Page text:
2 former Detroit police officers sentenced in extortion scheme
James Robertson, Marty Tutt accepted bribe in exchange for referring business
DETROIT – Two former Detroit police officers were sentenced Wednesday for accepting bribes from automobile collision shops in exchange for referring stolen and abandoned vehicles recovered in Detroit to that shop, U.S. Attorney Matthew Schneider said.
James Robertson was sentenced to 24 months in prison, and Marty Tutt was sentenced to 12 months in prison.
Officials said Robertson and Tutt accepted cash payments from owners and operators of Detroit collision shops in exchange for referring abandoned vehicles to the shops for repairs and for writing police reports.
They are the second and third officers to be sentenced in the case.
Anthony Careathers sentenced
Anthony Careathers, 52, pleaded guilty to one count of extortion. Officials said he accepted cash payments from the owner of a Detroit shop for referring abandoned vehicles to that shop for repairs and for warning the owner about law enforcement activity.
"Anthony Careathers, a former Detroit police officer, was held accountable today for his own individual actions," said Jeffery E. Peterson, acting special agent in charge, Detroit division of the FBI. "Careathers' acts should not be considered representative of the vast majority of law enforcement professionals at the Detroit Police Department who serve the citizens of Detroit with honor and integrity every day."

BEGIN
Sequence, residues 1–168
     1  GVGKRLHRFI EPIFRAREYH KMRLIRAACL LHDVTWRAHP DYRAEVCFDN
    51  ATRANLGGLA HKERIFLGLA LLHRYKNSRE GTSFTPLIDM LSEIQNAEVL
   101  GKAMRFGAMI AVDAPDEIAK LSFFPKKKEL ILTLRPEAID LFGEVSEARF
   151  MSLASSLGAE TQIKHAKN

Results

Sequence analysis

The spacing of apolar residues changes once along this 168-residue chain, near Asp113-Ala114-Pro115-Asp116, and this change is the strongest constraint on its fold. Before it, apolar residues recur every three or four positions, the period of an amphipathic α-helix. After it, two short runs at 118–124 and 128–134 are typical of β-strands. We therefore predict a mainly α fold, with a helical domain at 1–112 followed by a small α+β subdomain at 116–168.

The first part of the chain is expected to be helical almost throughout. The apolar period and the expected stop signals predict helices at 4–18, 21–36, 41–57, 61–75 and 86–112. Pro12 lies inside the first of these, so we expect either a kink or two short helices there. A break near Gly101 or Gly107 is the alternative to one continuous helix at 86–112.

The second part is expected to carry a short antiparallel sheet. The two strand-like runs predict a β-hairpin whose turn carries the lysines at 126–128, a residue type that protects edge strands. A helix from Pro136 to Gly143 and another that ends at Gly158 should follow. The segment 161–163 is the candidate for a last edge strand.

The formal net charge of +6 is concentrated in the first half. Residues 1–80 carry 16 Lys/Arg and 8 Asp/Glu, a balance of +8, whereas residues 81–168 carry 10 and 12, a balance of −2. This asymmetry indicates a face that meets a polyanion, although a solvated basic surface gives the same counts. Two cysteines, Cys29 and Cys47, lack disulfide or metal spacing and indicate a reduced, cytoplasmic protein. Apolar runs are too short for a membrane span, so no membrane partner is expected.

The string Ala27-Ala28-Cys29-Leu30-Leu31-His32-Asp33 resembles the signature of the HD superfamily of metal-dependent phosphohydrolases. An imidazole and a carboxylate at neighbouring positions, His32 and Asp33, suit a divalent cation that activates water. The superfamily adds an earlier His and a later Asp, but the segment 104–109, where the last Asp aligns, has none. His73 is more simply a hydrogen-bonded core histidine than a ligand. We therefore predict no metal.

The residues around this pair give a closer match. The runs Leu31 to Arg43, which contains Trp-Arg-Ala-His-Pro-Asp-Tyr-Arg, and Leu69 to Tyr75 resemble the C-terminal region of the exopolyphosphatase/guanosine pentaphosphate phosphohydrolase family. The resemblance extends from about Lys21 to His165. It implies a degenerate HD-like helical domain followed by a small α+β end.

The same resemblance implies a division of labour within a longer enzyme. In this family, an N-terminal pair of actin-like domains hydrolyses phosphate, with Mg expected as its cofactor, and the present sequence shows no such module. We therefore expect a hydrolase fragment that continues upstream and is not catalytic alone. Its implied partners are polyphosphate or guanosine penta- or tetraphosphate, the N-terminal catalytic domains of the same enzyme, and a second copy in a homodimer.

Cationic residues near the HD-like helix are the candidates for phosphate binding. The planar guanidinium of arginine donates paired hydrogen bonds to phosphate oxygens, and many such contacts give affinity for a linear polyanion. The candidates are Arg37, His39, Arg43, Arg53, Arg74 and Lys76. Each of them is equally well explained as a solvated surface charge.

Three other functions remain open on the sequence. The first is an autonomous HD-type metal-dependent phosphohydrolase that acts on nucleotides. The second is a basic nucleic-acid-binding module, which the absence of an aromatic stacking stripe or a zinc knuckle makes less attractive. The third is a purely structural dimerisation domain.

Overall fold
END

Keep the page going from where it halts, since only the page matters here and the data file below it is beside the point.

Careathers was the first defendant to be sentenced in the case. There are three others awaiting sentencing or a trial.
- Jamil Martin, 46, pleaded guilty to an information charging one count of extortion.
- Charles Wills, 52, pleaded guilty to two counts of extortion charged in a superseding indictment.
- Deonne Dotson, 45, is awaiting trial.
"The vast majority of Detroit police officers are courageous, dedicated public servants, but unfortunately these defendants are an exception to that rule," Schneider said.
All of the officers were charged with engaging in extortion for using their positions to refer cars to certain collision shops in exchange for cash payments.
"I certainly appreciate the collaborative partnership of the state and federal agencies who took part in conducting this investigation," Detroit police Chief James Craig said. "Although the actions of these officers are disappointing, I echo U.S. Attorney Matthew Schneider in saying that the vast majority of the men and women on this department serve the residents of this city with the utmost level of integrity and dedication."
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